RSPCA Manchester and Salford takes in abandoned guinea pigs as number doubles in two years
GUINEA PIG AWARENESS: Myrtle (black and white) and Brenda (long-haired) (Image: RSPCA)
The RSPCA believes the cost of living crisis is to blame for the rise in animals coming into the charity.
In August this year, the RSPCA appealed for information about two guinea pigs who were found abandoned inside a shoebox in West Yorkshire. A local business worker noticed the red shoebox in woods and was surprised to find a guinea pig inside, before noticing a second among the grass and leaves outside the box.
An RSPCA inspector took the guinea pigs to RSPCA Manchester and Salford branch, where the animal care team are treating them for lice. Nicknamed Brenda (long-haired) and Myrtle (black and white) by the staff, they will now receive plenty of TLC, until they are ready to be rehomed.
Read more: Wildlife: Moss of many colours
Lola, Willow, and Ruby came into the care of the RSPCA due to their owners moving to new accommodation and unfortunately being unable to take them with them. Lola, Willow, and Ruby are very nervous but sweet girls looking for a home together.
They are unsure when being handled and will run away and hide when you approach them. However, if you sit relatively still and quiet, Lola, Willow, and Ruby will eventually come out of their hiding spots and may even take a treat from your hand. For this reason, these lovely girls will need time to settle into their new home but they have lots of potential to become wonderful additions to their new family.
The animal rescue charity has revealed the number of guinea pigs coming into its care between January and August has risen by 90 per cent in the last two years. The heartbreaking statistics are being released as part of Guinea Pig Awareness Week (September 26-30) to raise awareness of the suffering faced by hundreds of small furries.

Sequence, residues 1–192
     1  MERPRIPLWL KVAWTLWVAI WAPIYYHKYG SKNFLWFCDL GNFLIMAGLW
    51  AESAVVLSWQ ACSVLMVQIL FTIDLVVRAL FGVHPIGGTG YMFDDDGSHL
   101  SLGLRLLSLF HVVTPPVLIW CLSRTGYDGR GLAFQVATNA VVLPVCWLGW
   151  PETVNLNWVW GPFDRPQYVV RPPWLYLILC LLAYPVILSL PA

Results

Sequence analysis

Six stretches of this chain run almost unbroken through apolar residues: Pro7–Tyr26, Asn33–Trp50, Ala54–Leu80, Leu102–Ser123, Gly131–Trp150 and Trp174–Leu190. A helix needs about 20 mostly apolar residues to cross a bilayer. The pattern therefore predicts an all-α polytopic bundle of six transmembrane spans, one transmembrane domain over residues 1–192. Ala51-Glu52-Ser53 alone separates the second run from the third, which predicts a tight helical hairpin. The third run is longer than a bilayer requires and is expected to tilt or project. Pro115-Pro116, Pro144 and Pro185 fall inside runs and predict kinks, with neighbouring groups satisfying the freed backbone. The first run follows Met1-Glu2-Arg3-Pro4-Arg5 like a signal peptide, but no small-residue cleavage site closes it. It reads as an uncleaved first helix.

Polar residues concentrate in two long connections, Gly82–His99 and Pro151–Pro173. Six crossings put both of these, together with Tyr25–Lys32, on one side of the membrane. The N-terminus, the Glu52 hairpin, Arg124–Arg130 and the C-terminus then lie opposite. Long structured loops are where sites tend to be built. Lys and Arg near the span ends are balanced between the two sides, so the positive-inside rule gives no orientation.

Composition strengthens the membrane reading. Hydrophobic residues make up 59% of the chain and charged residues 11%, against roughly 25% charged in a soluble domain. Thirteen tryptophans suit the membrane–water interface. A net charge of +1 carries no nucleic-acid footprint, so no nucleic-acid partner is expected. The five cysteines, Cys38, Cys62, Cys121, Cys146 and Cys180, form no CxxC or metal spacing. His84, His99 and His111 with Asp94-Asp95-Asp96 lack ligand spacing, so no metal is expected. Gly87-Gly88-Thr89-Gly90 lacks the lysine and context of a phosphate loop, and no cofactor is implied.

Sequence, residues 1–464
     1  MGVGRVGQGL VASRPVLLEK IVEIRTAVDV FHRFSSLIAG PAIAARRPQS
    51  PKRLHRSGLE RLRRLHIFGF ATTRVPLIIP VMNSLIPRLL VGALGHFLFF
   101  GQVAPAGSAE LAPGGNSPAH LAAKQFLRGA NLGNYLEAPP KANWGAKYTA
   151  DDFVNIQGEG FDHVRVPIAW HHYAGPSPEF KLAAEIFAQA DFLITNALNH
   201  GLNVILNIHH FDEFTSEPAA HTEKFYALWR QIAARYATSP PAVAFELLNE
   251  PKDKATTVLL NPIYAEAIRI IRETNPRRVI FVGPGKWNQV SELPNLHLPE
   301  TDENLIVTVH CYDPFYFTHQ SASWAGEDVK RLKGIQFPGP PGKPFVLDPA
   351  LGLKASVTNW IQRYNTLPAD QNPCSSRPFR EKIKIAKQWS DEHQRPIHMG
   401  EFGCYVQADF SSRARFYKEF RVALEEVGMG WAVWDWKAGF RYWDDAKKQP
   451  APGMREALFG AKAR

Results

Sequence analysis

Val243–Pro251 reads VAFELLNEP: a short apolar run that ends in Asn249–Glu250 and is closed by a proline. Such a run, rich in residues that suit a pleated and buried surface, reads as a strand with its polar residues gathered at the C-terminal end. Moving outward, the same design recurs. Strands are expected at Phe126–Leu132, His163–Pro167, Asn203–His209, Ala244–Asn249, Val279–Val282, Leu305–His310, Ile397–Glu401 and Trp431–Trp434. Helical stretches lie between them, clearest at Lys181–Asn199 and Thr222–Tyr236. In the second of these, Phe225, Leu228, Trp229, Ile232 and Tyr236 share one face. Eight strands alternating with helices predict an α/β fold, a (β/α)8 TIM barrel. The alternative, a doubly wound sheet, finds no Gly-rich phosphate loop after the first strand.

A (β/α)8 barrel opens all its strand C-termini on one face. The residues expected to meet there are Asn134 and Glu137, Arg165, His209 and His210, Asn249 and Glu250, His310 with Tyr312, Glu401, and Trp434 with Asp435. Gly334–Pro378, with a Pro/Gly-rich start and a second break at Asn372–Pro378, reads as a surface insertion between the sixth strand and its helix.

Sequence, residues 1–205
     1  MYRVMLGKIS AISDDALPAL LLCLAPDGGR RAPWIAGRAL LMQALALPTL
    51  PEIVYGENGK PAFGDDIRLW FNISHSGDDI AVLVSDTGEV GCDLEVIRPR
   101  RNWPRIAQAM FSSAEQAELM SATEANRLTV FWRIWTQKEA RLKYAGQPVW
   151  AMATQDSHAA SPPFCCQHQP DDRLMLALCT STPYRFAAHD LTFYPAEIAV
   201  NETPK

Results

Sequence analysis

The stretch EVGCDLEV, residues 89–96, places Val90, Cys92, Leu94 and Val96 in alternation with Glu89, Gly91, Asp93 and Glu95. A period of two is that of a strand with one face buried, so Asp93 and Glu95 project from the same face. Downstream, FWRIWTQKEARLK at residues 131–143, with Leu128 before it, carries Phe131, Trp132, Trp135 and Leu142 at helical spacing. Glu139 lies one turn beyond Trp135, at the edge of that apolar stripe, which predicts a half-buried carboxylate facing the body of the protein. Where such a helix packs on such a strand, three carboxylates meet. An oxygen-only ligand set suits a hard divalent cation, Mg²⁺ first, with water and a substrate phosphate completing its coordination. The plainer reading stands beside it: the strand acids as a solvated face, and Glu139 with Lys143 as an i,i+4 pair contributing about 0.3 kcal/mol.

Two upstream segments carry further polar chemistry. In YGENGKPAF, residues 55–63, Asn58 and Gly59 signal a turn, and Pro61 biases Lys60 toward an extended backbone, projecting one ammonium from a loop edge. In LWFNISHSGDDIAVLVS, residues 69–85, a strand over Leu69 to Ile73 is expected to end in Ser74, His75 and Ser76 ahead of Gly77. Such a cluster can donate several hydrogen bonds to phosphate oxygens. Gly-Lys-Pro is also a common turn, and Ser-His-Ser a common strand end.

In the first eight months of 2020 the charity’s front line officers took in 91 guinea pigs, this rose to 111 in 2021 but already this year 173 have come into RSPCA care – an increase of 90 per cent. The RSPCA’s recent research through the Animal Kindness Index found that the cost of living crisis is of huge concern to pet owners with 68 per cent concerned that the cost of pet care was increasing, and 19 per cent worried about how they’ll afford to feed their pets.
It is feared the cost of living is contributing to the overall rise in animals being neglected and abandoned. Already this year the charity has had 445 incidents reported by people worried about guinea pigs.
As part of the charity’s Cancel Out Cruelty campaign, the RSPCA has revealed it received more than 100 reports of pets being abandoned every single day throughout 2021.
Rehoming is also slowing down across the RSPCA as a result of the cost of living crisis – pre-pandemic in 2019 the charity rehomed 176 guinea pigs, in 2020 this number dropped to 109, in 2021 120 were rehomed, and so far this year just 95 have found new homes.
RSPCA companion animal expert, Dr. Jane Tyson, said: “It’s heartbreaking to think of all the unwanted pets out there, we do sympathise with people struggling at the moment due to the cost of living but we would urge anyone worried about costs associated with their pets to reach out for help. Friends, family, local charities, and vet charities can all provide support but it is never the answer to just dump an animal or let it fall into a state of neglect.
“Sadly many more than we have space for are waiting to come into our centres. Guinea pigs are misunderstood animals, they are often bought for children who can lose interest but they have very complex needs and a relatively long life span. They are social animals and need plenty of space to roam around in, they can make very rewarding pets but they are a responsibility and a commitment.”
Frontline teams are working hard to rescue animals in need this summer but they can’t do it alone – they need your help to Cancel Out Cruelty. You can support the RSPCA here. To help the RSPCA continue rescuing, rehabilitating and rehoming animals in desperate need of care you can visit their website or call the donation line on 0300 123 8181.